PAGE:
Finally, on the basis of politics, Jews were seen either as dangerous radicals or wealthy oppressors, undermining the society in which we lived. The philosopher Jean-Paul Sartre once stated that “if the Jew did not exist, the anti-Semite would invent him.”
A Precarious Kind of Normal
What does all this mean to us in the present day? As of data from 2018, Jews in the United States experienced more hate crimes than all other religious groups combined. This is particularly shocking when you consider that we are only 2.2% of the population.
Despite this, antisemitism is sometimes misunderstood or overlooked because it doesn’t always resemble the oppression experienced by other minorities. White Jews in America don’t experience the same discrimination in terms of employment, housing, and education, nor are our communities overpoliced.
This is because antisemitism is cyclical, meaning that there are relatively peaceful periods when Jews are more or less assimilated and accepted, followed by outbreaks of violence, swinging back and forth over millennia.
Usually the violence is met with enough opposition that a measure of safety is then restored, but sometimes a political shift to the far left or far right creates a hostile society in which Jews become second class citizens or are under outright genocide (think Stalin’s Russia or Hitler’s Germany).
This proximity to privilege yet vulnerability to violence puts our communities in a precarious position. I recall my own synagogue in South Carolina making difficult choices on security protocols.
I remember the harrowing summer when nine Black Christians were killed in Charleston by white supremacist Dylan Roof. Coming back from the vigil at the local A.M.E. church, my family told me about the new security measures our synagogue was taking including a new camera system and change of keys. I naively wondered, “What does this have to do with us?” Then in 2018, eleven Jews were killed at the Tree of Life synagogue in Pittsburg by another lone white supremacist gunman, and it became obvious.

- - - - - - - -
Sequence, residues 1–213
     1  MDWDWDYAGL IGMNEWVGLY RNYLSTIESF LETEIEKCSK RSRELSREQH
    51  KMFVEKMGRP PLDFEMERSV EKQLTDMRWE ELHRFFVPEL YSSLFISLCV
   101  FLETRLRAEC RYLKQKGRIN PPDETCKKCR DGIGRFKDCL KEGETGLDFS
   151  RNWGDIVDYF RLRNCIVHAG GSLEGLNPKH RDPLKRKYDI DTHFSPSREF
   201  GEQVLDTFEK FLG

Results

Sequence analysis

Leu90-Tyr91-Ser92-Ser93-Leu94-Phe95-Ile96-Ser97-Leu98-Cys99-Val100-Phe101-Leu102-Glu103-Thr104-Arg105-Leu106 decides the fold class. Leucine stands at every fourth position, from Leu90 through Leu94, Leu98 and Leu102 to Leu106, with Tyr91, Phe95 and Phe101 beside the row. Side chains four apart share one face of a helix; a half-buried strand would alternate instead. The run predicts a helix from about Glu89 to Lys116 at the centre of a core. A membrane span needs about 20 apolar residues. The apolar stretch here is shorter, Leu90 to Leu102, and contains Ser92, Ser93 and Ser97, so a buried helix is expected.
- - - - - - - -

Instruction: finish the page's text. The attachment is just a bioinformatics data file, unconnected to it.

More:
Our Interdependence Is Our Strength
When it comes to resisting white supremacy, our best defense is a good offense. Mobilizing quickly and having good foresight are crucial. In the book Emergent Strategy, activist adrienne maree brown suggests that organizers take notes from the way creatures in nature, like ants and flocks of geese, respond in formation to survive.
This can be done in many ways, both by people targeted by white supremacy and by allies. Educating about white nationalism, facism, and how these movements attract followers, fighting for more progressive legislation especially around gun control, and being in solidarity with the most marginalized are some actions that come to mind.
When white supremacy and antisemitism manifest as violent attacks, I am more strongly reminded of ecosystems and how the death of one thing quickly signals the death of another. Adrienne also encourages us to build critical connections over critical mass.
In this period of political transition, it’s important to strengthen those connections by making space for dialogue, educating ourselves, and being open to criticism so that when we act together, it will be second nature.